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What New Parents Want You To Know

Support, Don’t Judge

Times change, and so does medical advice, especially where infant care is concerned. If someone close to you is expecting or has recently delivered a newborn, check your biases and judgment at the door. The new parents might be too polite to tell you these things — so we will.

Here, Anita Chandra-Puri, MD, Northwestern Medicine pediatrician, shares important information that new parents want you to know.

Baby’s Health Is No. 1

If the new parents seem to be “paranoid” about germs, they have good reason.

“Infants under two months old who develop a fever will be admitted to the hospital while we look for a bacterial infection,” explains Dr. Chandra-Puri. So while visitors may want to play “pass the baby” and smother the little one with kisses, new parents may not appreciate that kind of bonding with a newborn.

What are things you can do to support the parents’ efforts to keep baby healthy?

  • Get flu and pertussis vaccinations
  • Do not visit if you’re not feeling well
  • wash your hands well before holding baby
  • Keep young children at a distance, and be sure they are vaccinated
  • Be understanding if they decline an invitation to a gathering, or ask people not to visit

Medical Guidelines Have Changed

Just because it was good enough for you and your baby doesn’t mean it’s good enough now. Research helps refine medical advice every day, so trust the new parents to be the experts on what is recommended and what is right for their baby. Here is some current advice that you may not know about:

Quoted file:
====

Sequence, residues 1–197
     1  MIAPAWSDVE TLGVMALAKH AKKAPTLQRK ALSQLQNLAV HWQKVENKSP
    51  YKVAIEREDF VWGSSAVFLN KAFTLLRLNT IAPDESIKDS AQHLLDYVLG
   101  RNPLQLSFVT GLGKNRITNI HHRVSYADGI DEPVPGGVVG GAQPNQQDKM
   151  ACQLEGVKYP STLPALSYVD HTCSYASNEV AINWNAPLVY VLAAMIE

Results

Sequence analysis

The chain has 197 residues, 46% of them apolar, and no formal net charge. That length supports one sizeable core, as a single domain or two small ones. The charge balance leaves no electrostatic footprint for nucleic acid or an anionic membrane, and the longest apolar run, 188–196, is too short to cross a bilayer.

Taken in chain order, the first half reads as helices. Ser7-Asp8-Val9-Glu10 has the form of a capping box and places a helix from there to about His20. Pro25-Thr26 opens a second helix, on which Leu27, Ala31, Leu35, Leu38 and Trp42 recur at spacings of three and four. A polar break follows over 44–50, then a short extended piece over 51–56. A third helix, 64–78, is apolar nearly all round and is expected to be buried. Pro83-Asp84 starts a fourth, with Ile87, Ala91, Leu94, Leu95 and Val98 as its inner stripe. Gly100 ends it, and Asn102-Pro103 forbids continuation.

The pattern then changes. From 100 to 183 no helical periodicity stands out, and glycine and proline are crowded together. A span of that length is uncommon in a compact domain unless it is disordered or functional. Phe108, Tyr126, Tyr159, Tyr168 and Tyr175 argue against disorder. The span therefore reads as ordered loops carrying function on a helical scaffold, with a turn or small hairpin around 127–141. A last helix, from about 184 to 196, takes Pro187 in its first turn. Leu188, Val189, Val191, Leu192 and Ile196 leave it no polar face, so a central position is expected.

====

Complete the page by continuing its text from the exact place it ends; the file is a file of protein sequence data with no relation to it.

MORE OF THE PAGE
Leave Feeding Decisions to the Parents

How, what and when parents feed their baby is a decision made with guidance from the mom’s physician and the baby’s pediatrician.

If you’re skeptical about breastfeeding, rest assured that medical experts agree: Breast milk is best for baby, and it provides adequate nutrition for the first six months, so there’s no need to introduce other foods sooner.

On the flip side, there are many possible, personal reasons why some moms do not breastfeed. Recognize that this is a sensitive subject for many women, and the “why” is, frankly, none of your business. Bottle feeding with commercial formula is a completely acceptable substitute for breastfeeding. These products are highly regulated and scientifically designed to provide complete nutrition, says Dr. Chandra-Puri. It is not possible to replicate formula at home, she adds.

Provide Support, Not Stress

“Support for parents is important,” explains Dr. Chandra-Puri. “They are learning, and they are following their pediatrician’s advice.”

Rather than adding to stress by offering unsolicited advice or expecting the new parents to play host to a steady parade of visitors, consider how you can help. Provide meals, run errands or come up with other thoughtful ways to help them relax and bond with baby.

“The bottom line is to remember that everybody is in the baby’s corner,” says Dr. Chandra-Puri. “Everybody wants the baby to be healthy and happy.”